Thursday, April 30, 2015

Exfoliator Queen

Hi Gorgeous Friends! I am particularly excited about putting out this post as I, "LOVES ME A GOOD EXFOLIATOR HONEY!" (Insert smile Emoji).
Seriously though, I love the way exfoliating makes my skin feel, and have been doing this for years as it as most certainly slowed down the aging process for me.

For those of you that are wondering, "What is an exfoliator anyway?" What it is, is a product that removes the oldest dead skin cells that cling to the skin's outermost surface.  It's a crucial part of both facials, and body treatments.  As I mentioned earlier, it not only leaves the skin feeling smoother, but it will also appear fresher looking.  Exfoliation also makes it easier for facial products, or topical body treatments to penetrate.  Love self-tanner creams like me? Sloughing away dead skin cells prior to applying ensures a seamless look.

Now then, there are two forms of exfoliation which I will list below:

1) Mechanical Exfoliation. The dead skin cells are physically rubbed off with an abrasive.

Examples of mechanical exfoliation include a salt glow, a body scrub that might use sugar or coffee grounds, or skin brushing. On the face, scrubs should use small, round, gentle abrasives like jojoba beads. Stay away from something harsh like apricot scrubs, which can cause micro-tears in your skin. A more aggressive and effective approach to mechanical exfoliation is microdermabrasion which comes in two types - crystal and crystal-free, or diamond-tip. I have personally had micro before, and can say it is pricey, but amazing for sure.
2) Chemical Exfoliation. Enzymes, alphahydroxy acids (AHAs) or betahydroxy acids (BHAS) loosen the glue-like substance that holds the cells together, allowing them to slough away. Facial peels are a form of chemical exfoliation. Chemical peels can either be very gentle or very aggressive, depending on how the strong the peel is. Body treatments might use mild chemical exfoliants like pineapple enzymes.

Okay, so why is all this important?

Well friends, the skin is constantly generating new skin cells at the lower layer (the dermis) and sending them to the surface (the epidermis).

As the cells rise to the surface they gradually die and become filled with keratin. These keratinized skin cells are essential because they give our skin its protective quality. But they are constantly sloughing off to make way for younger cells.   As we age the process of cell turnover slows down. Cells start to pile up unevenly on the skin's surface, giving it a dry, rough, dull appearance. Exfoliation is beneficial because it removes those cells that are clinging on, revealing the fresher, younger skin cells below.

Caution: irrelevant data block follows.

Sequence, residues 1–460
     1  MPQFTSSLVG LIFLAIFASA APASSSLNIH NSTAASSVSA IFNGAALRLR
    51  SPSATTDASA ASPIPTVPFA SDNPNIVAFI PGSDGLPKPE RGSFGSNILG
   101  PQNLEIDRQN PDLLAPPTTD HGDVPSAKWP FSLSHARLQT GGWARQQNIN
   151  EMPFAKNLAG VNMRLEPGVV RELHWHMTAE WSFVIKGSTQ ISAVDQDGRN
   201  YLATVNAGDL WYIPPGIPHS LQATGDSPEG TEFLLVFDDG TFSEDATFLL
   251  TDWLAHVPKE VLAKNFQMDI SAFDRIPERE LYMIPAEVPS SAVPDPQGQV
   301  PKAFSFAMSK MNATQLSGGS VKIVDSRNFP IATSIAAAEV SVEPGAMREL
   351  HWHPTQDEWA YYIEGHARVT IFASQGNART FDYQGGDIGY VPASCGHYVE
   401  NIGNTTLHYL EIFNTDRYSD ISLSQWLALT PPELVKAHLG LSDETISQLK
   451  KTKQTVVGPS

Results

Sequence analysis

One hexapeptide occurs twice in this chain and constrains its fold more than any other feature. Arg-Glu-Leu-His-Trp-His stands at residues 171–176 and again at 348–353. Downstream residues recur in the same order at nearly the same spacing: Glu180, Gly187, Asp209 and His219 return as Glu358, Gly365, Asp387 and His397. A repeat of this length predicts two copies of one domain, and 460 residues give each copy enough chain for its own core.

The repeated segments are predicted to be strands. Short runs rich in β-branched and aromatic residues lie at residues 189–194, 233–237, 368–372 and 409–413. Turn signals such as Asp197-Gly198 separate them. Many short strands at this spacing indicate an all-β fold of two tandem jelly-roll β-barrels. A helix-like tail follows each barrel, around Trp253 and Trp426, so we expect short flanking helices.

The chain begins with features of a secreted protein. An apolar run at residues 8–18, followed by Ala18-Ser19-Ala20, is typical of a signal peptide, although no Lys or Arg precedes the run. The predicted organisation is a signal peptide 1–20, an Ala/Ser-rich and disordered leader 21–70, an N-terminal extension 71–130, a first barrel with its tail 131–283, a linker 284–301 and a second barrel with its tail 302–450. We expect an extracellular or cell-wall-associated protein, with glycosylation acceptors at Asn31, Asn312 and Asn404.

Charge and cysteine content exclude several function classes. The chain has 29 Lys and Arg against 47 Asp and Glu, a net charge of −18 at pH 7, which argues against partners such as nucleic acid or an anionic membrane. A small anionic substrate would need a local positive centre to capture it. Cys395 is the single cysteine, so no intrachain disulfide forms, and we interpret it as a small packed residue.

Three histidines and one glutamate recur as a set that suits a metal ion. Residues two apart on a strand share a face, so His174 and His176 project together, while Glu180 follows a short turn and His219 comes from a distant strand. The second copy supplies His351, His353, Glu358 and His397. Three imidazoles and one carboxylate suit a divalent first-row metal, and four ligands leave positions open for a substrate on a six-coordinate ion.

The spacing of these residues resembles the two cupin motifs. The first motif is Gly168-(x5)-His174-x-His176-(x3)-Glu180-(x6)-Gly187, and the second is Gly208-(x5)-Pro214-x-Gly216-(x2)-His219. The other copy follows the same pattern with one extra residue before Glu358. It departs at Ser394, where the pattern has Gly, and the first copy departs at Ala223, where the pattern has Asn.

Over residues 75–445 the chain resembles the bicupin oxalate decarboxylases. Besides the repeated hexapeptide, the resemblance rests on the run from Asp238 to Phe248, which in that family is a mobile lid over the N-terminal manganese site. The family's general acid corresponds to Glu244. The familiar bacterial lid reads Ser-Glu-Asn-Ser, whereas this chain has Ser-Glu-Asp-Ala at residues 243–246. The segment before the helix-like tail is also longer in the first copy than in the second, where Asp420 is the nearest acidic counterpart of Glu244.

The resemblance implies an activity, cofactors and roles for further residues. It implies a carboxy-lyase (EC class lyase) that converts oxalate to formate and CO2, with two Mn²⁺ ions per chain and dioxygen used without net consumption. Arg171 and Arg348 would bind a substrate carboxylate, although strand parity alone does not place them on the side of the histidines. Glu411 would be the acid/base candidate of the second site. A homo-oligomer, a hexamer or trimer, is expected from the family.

I am 35 years old, and can honestly say that I don't have one wrinkle yet.  I contribute this to good genes, a healthy lifestyle, and honestly Friends----a great skin care regime.  Not the best selfie, but here I am (insert a heart emoji, praying hands, a lady running, and a big cheesy smiley emoji) LOL.

What You Should Know About Facial Exfoliation:

  • Be extra careful with the delicate skin of your face.
  • It's easy to overexfoliate. Talk to a good esthetician about the product and frequency that is best for your skin. Your should be especially cautious if you have sensitive or aging skin.
  • Be careful not to overdo microdermabrasion NO MATTER WHAT companies say.It can make thin, aging skin even thinner if you get too many treatments too quickly.
  • Don't overexfoliate, especially in summer or in very sunny climates. Why? You're making it easier for your skin to be damaged by the sun.
  • Never use body scrubs on the face. They're too rough.
  • Be very careful with peels. Don't get one peel and then go somewhere else to ask for another. You can remove too much of your protective layer and end up exposing the living dermis. Again, be careful about going out in the sun afterwards, or doing it in summer.
  • Never wax if you've had a peel recently. It might expose raw, living skin, which will have to scab over to heal.

What You Should Know About Body Exfoliation:

  • You can use a body scrub once or twice a week with no problem.  You can also use skin brushes as another method.

Finally, just a little reminder though Friends, it is possible, however, to overexfoliate, especially on the delicate skin of the face. If your skin is dry 2-3 times a week is fine.  Oily? Definitely not over 1 a week.

Here are a couple faves of mine:

This is an amazing wash, but it also has resurfacing benefits that are awesome.  My teenage son uses it for his acne, and it has deemed most beneficial.
I love this sea algae based one by Kate Somerville.  I personally have sensitive skin, and so it leaves my skin flawless, fresh, and smooth.

Gratefully, I've had the honor of working as a hand model for a few years now, and before every shoot, I use this scrub to get my hands together.  I could certainly use my body scrub, but True Blue's 60 second manicure scrub has almond oil that conditions my cuticles, and I love that.  Plus, the granules are formulated for the thin skin on top of our hands, so it is sure not to tear it.  How about that!

 This is a drugstore brand product, but it is still phenomenal in quality! I use this everywhere but my face, and find that it helps keep my skin oh-so-supple.  There are times that it brings up dirt that was trapped under my skin though, and I'll experience a little break-out here, and there.  If you're a bride, and have an event that is coming up in which photos will be taken, definitely do this the day of, so that if there will be a breakout, it will happen the next day.  To be on the safe side, you can do it a week in advance.  (Oh! I use this one on my feet too)


Thanks for reading everyone!  I will be back soon!  Stay connected!